Brad's Status Reviews
This movie was not only a huge drag, it is oh-so politically correct! Something for everyone without a drag. The only thing missing is COMEDY! Not ONE laugh throughout the entire movie.
So, if you're a SJW, you will love this as long as you hate to laugh. For the rest of us normal people, this was horrible. You will walk away with one lesson - according to this movie, life sucks matter who you are or how much money you have.
LIFE SUCKS according to the very wealthy and acclaimed Ben Stiller. So, you ask, what hope is there for the rest of us. Excuse me, while I go slit my wrists and good night!
I was not expecting this Ben Stiller movie to get so honest and real with me. It dug under my skin and into some deep fears/general apprehensions about life and the future.
This is probably my favourite midlife crisis movie ever. The typical midlife crisis themes were explored beautifully, honestly (brutally so), and at all times on the verge of being painful like an emotional oblivion, but staying on that edge, dangling our feet into it.
This movie was tactful, subtle, very grounded and aware of itself. Even if it said little in terms of new insights into the midlife crisis, it said what it did beautifully. Even if it did play into some genre clichés, it was all done so well I didn't even mind. It just worked.
Ben played his role perfectly. Seriously. I loved him in this role. The rest of the actors were fine. The kid did well as a believable teenager.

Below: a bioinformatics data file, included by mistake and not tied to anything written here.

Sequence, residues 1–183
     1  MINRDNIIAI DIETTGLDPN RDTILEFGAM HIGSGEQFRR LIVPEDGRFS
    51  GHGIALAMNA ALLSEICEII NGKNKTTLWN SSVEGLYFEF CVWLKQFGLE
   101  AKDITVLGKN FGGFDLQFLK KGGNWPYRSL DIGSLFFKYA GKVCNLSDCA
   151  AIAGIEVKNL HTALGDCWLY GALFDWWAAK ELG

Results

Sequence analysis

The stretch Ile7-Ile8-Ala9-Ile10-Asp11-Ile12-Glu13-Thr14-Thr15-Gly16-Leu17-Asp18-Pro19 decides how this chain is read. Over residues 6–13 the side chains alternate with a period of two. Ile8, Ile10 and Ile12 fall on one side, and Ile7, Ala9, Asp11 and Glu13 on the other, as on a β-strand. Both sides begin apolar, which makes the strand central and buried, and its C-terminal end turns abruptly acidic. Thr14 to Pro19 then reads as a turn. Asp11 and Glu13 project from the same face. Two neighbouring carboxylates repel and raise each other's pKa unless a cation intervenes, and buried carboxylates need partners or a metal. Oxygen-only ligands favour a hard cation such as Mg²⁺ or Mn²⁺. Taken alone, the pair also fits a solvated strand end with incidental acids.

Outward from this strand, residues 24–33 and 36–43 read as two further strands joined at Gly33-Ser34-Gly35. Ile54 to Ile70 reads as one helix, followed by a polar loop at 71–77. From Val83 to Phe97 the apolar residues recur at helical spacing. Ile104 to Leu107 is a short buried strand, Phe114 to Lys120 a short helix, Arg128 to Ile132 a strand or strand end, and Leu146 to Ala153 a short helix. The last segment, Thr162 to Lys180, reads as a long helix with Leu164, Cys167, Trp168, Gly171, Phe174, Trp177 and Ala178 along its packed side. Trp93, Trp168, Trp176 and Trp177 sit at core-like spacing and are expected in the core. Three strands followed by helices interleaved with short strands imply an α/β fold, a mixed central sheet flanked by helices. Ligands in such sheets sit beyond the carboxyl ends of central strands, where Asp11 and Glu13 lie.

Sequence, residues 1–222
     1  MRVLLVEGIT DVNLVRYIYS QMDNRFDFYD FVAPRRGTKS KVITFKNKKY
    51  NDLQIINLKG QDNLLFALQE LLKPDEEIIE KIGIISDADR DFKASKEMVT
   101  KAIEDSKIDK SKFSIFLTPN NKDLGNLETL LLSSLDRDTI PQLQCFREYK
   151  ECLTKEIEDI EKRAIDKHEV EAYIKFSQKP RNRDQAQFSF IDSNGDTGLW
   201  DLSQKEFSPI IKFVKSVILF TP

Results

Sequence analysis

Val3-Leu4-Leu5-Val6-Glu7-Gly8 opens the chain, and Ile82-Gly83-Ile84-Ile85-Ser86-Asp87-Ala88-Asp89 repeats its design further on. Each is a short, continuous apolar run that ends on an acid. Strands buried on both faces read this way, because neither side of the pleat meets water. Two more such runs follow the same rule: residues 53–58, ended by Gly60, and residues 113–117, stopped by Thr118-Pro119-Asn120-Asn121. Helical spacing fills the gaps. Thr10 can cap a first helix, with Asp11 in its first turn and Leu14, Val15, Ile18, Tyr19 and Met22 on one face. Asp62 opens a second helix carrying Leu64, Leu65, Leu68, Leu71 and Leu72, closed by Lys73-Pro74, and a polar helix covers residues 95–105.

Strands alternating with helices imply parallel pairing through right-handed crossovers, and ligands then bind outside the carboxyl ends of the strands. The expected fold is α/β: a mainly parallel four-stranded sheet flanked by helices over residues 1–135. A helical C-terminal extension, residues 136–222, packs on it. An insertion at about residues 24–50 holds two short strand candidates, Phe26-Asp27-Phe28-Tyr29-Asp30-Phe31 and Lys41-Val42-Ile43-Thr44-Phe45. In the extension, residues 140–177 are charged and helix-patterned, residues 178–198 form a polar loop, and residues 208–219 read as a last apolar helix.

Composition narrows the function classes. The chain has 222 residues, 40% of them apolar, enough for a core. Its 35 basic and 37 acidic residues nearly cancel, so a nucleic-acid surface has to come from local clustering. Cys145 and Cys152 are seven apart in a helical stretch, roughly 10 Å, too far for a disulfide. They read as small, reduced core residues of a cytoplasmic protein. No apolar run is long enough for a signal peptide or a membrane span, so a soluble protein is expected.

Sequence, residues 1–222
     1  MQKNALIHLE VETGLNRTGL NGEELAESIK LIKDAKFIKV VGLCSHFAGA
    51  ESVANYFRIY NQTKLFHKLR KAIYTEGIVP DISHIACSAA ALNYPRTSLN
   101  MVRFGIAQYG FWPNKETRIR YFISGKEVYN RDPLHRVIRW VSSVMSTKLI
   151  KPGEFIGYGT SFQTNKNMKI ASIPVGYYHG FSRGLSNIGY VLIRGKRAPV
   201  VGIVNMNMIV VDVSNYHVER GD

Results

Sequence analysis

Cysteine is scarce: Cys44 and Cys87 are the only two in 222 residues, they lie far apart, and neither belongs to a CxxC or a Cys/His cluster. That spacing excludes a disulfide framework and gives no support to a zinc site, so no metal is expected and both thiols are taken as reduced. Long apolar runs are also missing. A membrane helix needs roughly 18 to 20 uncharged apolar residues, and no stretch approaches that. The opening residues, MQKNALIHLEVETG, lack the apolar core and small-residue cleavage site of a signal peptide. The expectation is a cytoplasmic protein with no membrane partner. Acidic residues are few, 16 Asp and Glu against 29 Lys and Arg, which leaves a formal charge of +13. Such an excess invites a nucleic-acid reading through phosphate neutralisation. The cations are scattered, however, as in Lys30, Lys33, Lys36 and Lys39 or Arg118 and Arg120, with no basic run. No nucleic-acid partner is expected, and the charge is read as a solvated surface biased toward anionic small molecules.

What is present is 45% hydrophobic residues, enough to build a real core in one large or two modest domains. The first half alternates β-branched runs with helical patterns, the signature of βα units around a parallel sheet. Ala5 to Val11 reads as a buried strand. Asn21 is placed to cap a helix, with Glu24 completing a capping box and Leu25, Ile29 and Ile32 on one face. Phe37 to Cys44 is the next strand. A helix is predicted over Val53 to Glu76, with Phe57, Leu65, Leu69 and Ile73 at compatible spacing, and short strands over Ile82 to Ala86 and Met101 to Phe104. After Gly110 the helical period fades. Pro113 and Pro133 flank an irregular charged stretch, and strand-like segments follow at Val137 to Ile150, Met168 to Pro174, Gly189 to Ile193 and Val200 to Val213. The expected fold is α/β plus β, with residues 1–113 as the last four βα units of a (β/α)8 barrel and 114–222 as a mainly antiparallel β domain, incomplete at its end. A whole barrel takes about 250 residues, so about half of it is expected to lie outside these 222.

The music was pretty fun, had its own personality, was fitting at all times. The visuals were serviceable.
It's an incredibly tight package with a heavy and difficult theme. It's definitely a sleeper gut punch. It'll stick with me for a while. Beautiful.
Brad has a satisfying career and a comfortable life in suburban Sacramento where he lives with his sweet-natured wife, Melanie (Jenna Fischer), and their musical prodigy son, Troy (Austin Abrams), but it's not quite what he imagined during his college glory days. Showing Troy around Boston, where Brad went to university, he can't help comparing his life with those of his four best college friends: a Hollywood bigshot (White), a hedge fund founder (Luke Wilson), a tech entrepreneur (Jemaine Clement), and a political pundit and bestselling author (Michael Sheen).
Ben Stiller is someone who's been around for a while and while his name may become buried under the plethora of actors in today's business, it's performances like these that show how truly talented he is. Not only was this an amazing film, but it was just so well made in every which way. I've gotta say, I loved Ben Stiller's performance in it. He showed so much emotion in a role that could've been killed with over dramatization, but it felt so real.
One thing that was amazing about this film was the screenplay. The screenplay was so well constructed and was so well written. This is the kind of format that is almost guaranteed to work when done correctly. Its ability to delve deep into its themes and messages made it so relatable and memorable. I thought the pacing was great and the way the story was told honestly pretty captivating.
The film overall was a feel good, think-hard film. It's a film that has these really happy emotions, but it's also filled with fears that I think a lot of people will be able to relate to. It's something that I think a lot of people who are older can use to put a microscope on their life, along with those who are trying to make their way in life.
In the end, "Brad's Status" was honestly a great watch. It's on Amazon Prime and I highly recommend it.